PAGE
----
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Foreclosing Lenders and Government Practices Penalize Innocent Homeowners

By: Roy Helsing

A reader writes: “I was at an HOA meeting recently and there was a discussion of possibly raising HOA dues in order to make up for the dues that are not being paid by properties that are in foreclosure. It is my understanding that under state law, banks do not have to pay HOA dues on foreclosed properties, and that the HOA members therefore have to make up for any deficits. Is there a way for the HOA to lobby for a change in this law? It seems highly unfair to pass such costs on to homeowners. The community is also hurt by this law because it encourages banks to keep these foreclosed homes abandoned rather than sell them to homeowners who would take care of the properties. If banks were required to pay the HOA dues on foreclosed homes, they would think twice before foreclosing on someone; moreover, if foreclosure were to occur, banks would be more motivated to sell the property rather than just sit on it until the market picks up. I would appreciate if you could investigate and write about this issue.”

Foreclosed properties are creating a large number of problems for homeowners living in homeowners associations. Your request is actually much broader than just this issue, and I will make dealing with issues caused by foreclosures a lead article in one or more newsletters after I finish the current series which has one additional article to complete. However, in response to your question, your understanding is not technically correct. Lenders are responsible for the assessments on a foreclosed property from the date they take title. Unfortunately, in California they are not responsible for any of the past due assessments from the owner upon which they foreclosed. To make matters worse, many lenders know this and delay the foreclosure in order to reduce the assessments they owe, or flip the property to a new buyer without letting the association know in order to avoid paying at all. Techniques on how to avoid this from happening will be the focus of future articles.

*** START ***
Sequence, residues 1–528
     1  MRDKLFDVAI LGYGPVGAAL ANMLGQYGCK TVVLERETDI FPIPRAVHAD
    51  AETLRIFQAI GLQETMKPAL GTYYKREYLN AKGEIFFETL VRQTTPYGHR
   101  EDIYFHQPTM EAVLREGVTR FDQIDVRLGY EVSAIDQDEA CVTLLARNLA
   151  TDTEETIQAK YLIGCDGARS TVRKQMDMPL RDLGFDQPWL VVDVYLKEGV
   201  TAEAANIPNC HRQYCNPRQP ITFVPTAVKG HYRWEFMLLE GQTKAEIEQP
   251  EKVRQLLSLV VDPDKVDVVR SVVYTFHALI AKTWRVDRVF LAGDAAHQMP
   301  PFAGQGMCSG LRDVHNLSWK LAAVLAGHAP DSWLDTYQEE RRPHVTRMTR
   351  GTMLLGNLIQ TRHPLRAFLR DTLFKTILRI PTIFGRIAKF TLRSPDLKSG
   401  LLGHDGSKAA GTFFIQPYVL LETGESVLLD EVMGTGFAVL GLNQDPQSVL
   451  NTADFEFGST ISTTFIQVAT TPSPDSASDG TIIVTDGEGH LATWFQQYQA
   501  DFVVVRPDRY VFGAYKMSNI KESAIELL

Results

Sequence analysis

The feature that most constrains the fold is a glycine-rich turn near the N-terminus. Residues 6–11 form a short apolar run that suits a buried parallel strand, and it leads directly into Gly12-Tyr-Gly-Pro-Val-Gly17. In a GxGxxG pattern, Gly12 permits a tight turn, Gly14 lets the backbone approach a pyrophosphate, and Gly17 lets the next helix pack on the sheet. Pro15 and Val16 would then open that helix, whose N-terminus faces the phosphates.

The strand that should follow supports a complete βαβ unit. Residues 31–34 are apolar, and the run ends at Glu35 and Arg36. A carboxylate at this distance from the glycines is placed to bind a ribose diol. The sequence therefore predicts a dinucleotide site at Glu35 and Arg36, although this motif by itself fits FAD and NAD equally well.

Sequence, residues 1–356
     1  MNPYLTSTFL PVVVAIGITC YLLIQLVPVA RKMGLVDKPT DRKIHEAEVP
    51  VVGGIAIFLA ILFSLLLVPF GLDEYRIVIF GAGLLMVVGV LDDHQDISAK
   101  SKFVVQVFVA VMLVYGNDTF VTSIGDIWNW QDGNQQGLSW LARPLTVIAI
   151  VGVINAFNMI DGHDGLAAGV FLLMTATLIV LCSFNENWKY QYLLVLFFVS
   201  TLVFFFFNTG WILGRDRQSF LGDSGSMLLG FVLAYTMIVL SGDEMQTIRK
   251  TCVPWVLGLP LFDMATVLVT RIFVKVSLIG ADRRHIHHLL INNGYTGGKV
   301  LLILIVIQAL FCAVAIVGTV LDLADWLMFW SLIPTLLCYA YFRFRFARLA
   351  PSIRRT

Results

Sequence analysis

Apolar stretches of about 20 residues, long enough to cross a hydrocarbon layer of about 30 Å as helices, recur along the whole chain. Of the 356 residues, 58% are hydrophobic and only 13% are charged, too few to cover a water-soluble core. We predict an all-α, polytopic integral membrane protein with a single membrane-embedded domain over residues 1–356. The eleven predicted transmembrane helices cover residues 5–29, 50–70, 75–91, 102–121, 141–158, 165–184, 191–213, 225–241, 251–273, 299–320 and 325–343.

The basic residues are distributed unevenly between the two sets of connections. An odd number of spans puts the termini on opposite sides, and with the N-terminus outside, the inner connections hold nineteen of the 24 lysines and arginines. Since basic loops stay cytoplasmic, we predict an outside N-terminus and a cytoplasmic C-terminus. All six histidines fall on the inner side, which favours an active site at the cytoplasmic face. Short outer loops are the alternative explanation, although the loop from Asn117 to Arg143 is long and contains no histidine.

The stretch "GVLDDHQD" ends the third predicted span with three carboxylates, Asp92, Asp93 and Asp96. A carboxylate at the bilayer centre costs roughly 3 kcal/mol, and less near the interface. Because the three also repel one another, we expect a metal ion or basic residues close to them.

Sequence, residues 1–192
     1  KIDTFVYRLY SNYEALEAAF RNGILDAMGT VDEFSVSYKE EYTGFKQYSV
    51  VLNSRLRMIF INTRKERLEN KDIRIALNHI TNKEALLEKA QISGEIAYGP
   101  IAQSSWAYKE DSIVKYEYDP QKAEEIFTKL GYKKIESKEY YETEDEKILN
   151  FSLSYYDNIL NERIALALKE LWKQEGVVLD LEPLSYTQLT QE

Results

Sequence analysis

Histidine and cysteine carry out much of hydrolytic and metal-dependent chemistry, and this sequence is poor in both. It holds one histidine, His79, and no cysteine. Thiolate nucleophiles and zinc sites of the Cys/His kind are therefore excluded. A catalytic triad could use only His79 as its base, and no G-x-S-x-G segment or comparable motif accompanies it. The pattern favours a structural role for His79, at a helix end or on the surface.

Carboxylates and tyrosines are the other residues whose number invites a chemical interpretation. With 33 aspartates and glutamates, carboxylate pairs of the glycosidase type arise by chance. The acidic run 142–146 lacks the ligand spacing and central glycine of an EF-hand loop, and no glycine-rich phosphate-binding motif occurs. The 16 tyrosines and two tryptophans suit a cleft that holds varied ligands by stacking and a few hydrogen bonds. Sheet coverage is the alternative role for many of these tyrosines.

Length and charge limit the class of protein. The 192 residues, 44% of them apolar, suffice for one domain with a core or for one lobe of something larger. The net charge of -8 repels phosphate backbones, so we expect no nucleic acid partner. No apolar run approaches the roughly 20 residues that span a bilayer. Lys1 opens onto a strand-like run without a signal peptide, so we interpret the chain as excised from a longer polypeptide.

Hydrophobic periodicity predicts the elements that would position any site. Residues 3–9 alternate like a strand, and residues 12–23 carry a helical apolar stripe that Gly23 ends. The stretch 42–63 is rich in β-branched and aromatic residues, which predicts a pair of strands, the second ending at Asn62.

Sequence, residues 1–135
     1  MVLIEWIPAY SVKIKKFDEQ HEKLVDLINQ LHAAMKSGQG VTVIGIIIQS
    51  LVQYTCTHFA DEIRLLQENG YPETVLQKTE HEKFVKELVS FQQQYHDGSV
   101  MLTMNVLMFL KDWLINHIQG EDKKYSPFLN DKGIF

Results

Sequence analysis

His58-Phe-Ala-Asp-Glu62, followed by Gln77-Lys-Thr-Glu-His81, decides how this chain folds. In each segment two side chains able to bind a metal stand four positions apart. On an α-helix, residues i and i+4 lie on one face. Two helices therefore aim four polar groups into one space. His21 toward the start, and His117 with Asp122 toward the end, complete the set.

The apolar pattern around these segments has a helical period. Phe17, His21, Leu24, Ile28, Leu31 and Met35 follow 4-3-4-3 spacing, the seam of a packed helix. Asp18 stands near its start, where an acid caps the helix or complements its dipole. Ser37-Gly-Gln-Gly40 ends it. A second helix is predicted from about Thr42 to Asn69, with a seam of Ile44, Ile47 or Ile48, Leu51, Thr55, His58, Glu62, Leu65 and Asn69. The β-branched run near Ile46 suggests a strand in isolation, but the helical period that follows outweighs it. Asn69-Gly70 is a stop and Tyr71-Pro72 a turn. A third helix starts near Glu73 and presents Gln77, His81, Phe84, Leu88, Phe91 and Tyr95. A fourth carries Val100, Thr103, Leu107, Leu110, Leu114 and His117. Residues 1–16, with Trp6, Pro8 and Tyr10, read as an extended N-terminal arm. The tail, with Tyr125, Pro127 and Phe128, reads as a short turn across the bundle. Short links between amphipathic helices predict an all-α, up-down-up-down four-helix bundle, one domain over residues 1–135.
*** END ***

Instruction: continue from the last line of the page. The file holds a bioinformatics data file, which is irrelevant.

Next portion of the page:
In addition, the government lately has been forcing banks to delay foreclosures and there is huge political pressure in some quarters to create “foreclosure free zones”. While much of this hue and cry has arisen because of questionable (if not illegal) practices by lenders, much of it is caused by the current political climate of “let’s do something to help people who have lost their jobs – they shouldn’t also lose their house!” Unfortunately, in homeowners associations that movement to protect those in foreclosure translates directly to higher assessments from those who do pay their assessments, because they become responsible to keep the lights on and offset the loss of revenues from those homeowners and lenders who are not paying their assessments. So, while technically you misunderstood what was happening – the net result is the same. The foreclosure market is having a very detrimental effect on homeowners who are paying. It is in fact income redistribution – but not from the wealthy or corporations – just from hard working homeowners like yourself while you get to pay the fees owed by your neighbor or the banks.

If any lender is reading this and you have some insight about why such practices are taking place, please write – I would love to give you equal time.

Articles are for advertising and general information by The Helsing Group, Inc. They are not intended to provide legal advice, but rather reflect our opinions as Community Association managers and Consultants. Readers should not act on issues raised in our newsletters or websites without consulting legal counsel.

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The Helsing Group, Inc.

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